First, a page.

Art collecting has been going on since the first cavemen figured out how to draw horses (although their drawings weren’t very portable). But the Regency collectors took their efforts to new extremes. Some of this was borne out of a necessity to fill the walls of their lavish new townhouses and country estates. Some stemmed from a more serious interest in antiquities – the Georgian period, and the Regency period in particular, saw the early precursors to what we would consider serious historical study (although their archaeological methods left much to be desired). And some, of course, was the result of vast shifts in wealth that created in a newly-rich upper class that wanted all the trappings of aristocrats’ homes even if they would never have their titles.
Any Regency house party worth its salt would have the opportunity to peruse the owner’s art collections, often in picture galleries. The biggest houses might have a purpose-built ‘museum’ to house their collections.
Because of this interest in antiquities and art, some of the best homes built during the Regency were designed as showcases for their owners’ hoardings. Sir John Soane’s house in Lincoln’s Inn Fields, London, is a prime example (one that you can still visit in its original state today! It’s a must-see for any Regency-lover who visits London).
Soane started off as the son of a brewer, but he became a highly skilled architect and designed the Bank of England, his own homes in London and the countryside, and a wide variety of other public and private buildings. His house, which is really three townhouses that he combined over the span of thirty years, was constantly remodeled to accommodate his growing collection. He wasn’t above knocking out a wall to be able to get a statue into the house. And when he acquired the sarcophagus of Seti I, he held a three-day party with almost nine hundred guests to celebrate his triumph.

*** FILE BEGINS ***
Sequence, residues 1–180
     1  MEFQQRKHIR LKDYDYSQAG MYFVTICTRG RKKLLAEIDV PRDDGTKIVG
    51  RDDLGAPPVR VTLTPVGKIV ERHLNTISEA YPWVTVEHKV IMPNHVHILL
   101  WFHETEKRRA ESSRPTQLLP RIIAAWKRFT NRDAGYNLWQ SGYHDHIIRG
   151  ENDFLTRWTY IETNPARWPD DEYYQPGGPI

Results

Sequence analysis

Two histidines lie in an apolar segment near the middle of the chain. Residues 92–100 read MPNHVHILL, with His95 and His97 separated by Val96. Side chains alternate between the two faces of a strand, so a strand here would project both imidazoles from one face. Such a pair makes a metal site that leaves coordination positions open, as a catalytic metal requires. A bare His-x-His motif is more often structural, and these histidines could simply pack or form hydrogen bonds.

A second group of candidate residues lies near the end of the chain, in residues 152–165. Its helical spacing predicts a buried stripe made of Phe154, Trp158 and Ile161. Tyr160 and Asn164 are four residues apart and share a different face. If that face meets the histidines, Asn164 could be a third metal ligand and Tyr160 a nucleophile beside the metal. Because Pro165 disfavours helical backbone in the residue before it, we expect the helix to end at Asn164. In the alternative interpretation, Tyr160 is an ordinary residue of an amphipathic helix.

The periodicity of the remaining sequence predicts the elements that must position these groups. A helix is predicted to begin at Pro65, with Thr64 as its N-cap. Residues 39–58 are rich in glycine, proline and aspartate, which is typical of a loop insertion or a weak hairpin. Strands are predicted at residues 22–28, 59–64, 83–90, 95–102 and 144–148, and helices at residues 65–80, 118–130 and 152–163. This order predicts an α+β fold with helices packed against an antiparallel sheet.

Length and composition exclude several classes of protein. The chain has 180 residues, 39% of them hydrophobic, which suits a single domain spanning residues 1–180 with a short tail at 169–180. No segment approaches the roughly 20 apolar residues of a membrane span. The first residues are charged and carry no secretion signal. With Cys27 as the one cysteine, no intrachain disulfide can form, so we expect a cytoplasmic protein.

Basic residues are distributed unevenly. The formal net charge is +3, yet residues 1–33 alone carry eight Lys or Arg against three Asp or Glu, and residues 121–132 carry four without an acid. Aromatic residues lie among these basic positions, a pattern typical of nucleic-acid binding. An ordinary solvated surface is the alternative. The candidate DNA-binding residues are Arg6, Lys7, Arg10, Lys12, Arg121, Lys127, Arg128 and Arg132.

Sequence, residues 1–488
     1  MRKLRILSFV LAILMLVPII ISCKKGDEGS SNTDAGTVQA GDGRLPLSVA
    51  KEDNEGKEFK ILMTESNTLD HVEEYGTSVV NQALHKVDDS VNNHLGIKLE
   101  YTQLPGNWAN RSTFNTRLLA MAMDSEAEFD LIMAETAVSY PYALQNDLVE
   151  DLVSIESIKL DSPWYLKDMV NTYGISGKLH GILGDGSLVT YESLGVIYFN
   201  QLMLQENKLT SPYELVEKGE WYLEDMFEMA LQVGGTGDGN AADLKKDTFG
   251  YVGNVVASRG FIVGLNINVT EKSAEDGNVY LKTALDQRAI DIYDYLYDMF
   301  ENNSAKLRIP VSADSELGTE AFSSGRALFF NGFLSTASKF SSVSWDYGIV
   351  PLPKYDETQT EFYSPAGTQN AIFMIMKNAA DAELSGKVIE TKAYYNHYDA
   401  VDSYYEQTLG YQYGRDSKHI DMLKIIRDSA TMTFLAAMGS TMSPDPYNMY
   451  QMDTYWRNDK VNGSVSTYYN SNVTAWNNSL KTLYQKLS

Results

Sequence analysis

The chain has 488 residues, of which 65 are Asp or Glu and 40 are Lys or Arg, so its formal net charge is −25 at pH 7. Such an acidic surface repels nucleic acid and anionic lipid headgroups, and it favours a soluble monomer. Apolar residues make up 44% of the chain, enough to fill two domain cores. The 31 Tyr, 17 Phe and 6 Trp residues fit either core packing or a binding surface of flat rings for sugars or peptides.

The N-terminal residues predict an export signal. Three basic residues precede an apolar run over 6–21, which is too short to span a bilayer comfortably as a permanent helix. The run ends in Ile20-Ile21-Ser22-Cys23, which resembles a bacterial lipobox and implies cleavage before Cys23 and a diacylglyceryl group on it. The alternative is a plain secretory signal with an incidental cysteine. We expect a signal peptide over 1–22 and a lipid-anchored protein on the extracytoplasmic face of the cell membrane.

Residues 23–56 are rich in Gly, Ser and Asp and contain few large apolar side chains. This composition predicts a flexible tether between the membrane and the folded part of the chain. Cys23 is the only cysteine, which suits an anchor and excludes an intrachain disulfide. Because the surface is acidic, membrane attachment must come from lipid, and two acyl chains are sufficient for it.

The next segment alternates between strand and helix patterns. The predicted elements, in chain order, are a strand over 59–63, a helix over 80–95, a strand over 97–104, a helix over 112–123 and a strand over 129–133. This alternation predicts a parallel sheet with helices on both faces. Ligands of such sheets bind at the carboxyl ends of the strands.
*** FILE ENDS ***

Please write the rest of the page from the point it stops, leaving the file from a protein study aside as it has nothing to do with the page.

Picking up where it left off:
Soane, like many of his contemporaries, opened up his home for public viewings. His collection is a jaw-dropping hoard of some 3000 catalogued objects spanning an insane variety of styles and time periods. He collected vases, urns, sculptures, paintings, a whole series of famous images by Hogarth, spoils taken from the fall of Seringapatam in India, a whole bunch of memorabilia related to Napoleon (including a lock of Napoleon’s hair in a gold ring), first editions of books by Shakespeare and Milton, two copies of the Decameron from the 16th-century, and tons of other stuff. Soane, disappointed that his son was a reprobate who didn’t care for architecture, got an Act of Parliament passed to disown him and donated his house and its contents to the nation as a museum upon his death.
Soane wasn’t the only hoarder of his day. Christie’s auction house was founded in the 1760s, and by the Regency it was possible to buy many different kinds of art via public and private sales. And there were more infamous collectors circling through London, peddling artistic goods that had often been looted (see the Elgin Marbles) or fabricated entirely. So if you were living in the Regency and had a steady supply of income, you could outfit your house to look like a Grecian temple, an Egyptian fantasy, a Chinese dream, or some weird amalgamation of all those decorating schemes.